Donofthedead has been with Razorcake from day one and he put in some time with Flipside with me. After Razorcake started, in addition to doing more than his fair share of record reviews, Don started doing live reviews for the website. A little while after, he asked me, “Do you mind if I just take pictures and post them up with links?” I thought it through. Part of what keeps Razorcake unique is that we only publish exclusive material and in this world where it’s almost too easy to dump a thousand photos into the sky (known to others more technical as the interweb), I asked Don if he could make his postings unique. Instead of complaining, Don taught himself Photoshop, collected the shots of each band, picked the best three or four frames, made a background, used the band’s logo, and, to this day, Don posts up live DIY punk shots on razorcake.org with amazing frequency.
Through putting together zines for the past fourteen years, I’ve come in contact with hundreds of photographers. Publishing books of contemporary music—not to mention DIY punk—is a difficult, rare, and risky venture. Publishers are hesitant because, by their nature, photo books need good paper and good paper’s expensive. Photographers themselves—well, they want to be photographers and not publishers. One of the worst feelings in the world is printing a thousand books, selling less than a hundred, and staring at those fucking boxes every day for years as a tangible reminder of your failure.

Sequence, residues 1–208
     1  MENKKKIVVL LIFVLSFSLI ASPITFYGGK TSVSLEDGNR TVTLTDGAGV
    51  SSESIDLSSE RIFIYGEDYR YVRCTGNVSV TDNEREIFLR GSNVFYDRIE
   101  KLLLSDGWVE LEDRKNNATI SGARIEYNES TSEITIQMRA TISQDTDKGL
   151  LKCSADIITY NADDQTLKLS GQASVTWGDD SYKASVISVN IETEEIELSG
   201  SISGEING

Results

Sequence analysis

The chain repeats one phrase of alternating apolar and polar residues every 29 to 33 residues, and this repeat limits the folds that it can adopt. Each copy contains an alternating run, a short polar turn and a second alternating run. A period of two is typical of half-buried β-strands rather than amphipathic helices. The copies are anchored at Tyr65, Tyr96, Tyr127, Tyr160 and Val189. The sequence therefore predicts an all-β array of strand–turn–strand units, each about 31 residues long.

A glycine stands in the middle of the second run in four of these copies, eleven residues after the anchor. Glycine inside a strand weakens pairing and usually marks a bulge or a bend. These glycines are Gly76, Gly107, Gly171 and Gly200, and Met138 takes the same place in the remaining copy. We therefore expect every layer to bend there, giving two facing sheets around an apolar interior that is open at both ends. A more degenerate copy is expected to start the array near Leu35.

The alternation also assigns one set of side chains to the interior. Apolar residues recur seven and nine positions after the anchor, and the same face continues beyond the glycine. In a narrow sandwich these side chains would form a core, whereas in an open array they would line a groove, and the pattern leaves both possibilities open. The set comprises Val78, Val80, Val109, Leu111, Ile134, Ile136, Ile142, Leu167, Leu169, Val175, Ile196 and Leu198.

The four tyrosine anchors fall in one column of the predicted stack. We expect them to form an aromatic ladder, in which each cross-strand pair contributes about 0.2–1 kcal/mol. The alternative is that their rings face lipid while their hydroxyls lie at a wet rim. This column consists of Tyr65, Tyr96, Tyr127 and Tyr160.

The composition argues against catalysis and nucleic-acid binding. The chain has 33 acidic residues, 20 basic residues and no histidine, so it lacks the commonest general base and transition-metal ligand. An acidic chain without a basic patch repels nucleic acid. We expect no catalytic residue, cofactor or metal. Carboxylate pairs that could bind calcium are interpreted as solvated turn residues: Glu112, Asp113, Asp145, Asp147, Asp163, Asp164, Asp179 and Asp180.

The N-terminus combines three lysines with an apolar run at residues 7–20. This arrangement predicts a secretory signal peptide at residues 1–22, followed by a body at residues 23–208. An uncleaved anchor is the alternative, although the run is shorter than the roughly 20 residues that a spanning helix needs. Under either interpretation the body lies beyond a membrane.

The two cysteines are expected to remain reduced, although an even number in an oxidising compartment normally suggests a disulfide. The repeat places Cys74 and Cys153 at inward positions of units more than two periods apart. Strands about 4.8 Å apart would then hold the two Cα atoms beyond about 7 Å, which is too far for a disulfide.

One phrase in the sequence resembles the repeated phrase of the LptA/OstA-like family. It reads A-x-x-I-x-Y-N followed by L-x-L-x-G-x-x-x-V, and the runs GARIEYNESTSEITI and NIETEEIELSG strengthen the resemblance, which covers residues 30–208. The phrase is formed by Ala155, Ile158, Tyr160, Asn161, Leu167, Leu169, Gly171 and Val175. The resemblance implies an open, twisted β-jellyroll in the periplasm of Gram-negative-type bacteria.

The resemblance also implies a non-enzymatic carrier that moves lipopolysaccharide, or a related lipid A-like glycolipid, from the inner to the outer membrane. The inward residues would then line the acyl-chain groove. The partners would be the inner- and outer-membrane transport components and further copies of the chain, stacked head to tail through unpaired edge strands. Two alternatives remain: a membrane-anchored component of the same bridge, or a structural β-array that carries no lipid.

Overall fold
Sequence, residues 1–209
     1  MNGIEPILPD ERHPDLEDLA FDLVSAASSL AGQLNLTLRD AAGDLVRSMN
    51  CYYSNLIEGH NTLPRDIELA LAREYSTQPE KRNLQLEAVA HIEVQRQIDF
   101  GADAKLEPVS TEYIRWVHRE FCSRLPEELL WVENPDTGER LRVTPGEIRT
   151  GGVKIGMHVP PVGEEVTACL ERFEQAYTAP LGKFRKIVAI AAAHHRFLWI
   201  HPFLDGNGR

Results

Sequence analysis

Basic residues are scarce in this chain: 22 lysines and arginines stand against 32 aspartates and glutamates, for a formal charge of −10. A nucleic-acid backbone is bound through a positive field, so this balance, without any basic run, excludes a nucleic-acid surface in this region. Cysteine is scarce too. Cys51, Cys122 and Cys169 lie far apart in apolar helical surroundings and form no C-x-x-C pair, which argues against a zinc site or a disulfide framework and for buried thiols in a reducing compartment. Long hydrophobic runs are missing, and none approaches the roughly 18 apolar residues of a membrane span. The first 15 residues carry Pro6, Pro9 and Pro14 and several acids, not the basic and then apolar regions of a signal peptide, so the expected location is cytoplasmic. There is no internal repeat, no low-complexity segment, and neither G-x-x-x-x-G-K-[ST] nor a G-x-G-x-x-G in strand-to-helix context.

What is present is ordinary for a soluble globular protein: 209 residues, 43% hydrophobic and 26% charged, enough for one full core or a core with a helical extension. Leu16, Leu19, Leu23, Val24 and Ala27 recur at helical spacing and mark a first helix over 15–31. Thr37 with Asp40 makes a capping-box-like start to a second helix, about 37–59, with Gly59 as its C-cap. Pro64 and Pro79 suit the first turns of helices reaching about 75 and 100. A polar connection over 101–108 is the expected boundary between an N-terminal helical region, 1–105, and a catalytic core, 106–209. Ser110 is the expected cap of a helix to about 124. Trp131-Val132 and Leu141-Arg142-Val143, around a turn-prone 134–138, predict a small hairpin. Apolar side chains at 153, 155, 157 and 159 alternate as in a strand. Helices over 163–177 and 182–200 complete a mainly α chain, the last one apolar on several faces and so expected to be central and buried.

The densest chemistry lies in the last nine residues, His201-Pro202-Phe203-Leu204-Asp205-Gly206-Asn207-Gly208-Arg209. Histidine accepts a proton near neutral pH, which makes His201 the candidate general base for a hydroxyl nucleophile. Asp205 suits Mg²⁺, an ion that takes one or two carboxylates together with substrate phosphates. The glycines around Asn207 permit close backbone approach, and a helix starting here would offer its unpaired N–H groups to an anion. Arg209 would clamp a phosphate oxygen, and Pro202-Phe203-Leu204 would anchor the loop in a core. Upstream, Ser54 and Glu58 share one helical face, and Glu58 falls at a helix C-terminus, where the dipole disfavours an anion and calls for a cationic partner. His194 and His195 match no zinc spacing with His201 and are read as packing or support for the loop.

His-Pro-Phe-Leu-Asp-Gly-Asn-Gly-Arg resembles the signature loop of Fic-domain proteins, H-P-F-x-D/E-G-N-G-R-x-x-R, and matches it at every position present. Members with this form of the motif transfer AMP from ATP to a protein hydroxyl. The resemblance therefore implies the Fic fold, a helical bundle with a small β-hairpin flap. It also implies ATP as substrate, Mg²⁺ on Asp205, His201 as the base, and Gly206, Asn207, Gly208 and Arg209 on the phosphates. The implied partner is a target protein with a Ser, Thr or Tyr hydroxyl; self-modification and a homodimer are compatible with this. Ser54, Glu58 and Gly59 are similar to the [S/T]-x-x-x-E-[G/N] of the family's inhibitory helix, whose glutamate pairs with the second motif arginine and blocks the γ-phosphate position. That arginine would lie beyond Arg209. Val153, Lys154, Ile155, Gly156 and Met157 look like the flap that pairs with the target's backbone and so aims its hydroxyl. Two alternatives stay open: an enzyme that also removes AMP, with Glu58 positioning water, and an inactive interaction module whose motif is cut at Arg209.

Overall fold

Again, Don took it upon himself to learn a tedious nuts and bolts process—all the digital prepress to make his own book. Instead of complaining, Don went through multiple self-publishing companies—and complete format redesigns—before he found a match.
The end result is Scene through My Lens. The format’s easy to visualize. Seventy-five all-ages friendly southern California DIY punk and hardcore bands. Each gets their own cross-page spread. The bands are ordered alphabetically. There are no beer banners in the background; in fact, most of the backgrounds are cinder block walls. It’s all in black and white. It comes across as fair and democratic. Don takes great pains to get shots of each member of the band in every spread. Don’s photos also show how big, diverse, and divergent punk is in the area he lives in. And if that’s not a testament to one of the essential powers of photography, I’m not sure what is (even if Don claims he’s “not a photographer, but I like to take pictures.”)
My only suggestion for Don’s next book—which is already in the works—is to lighten the backgrounds so they don’t compete so much with the photos in the foreground. Other than that, let the DIY dictum of “learning through doing” keep etching its course because Don’s accomplished what few punk photographers have: made his own book by himself instead of complaining about it or endlessly formulating a litany of excuses. –Todd Taylor (Order directly through unibook.com in the arts and culture section.)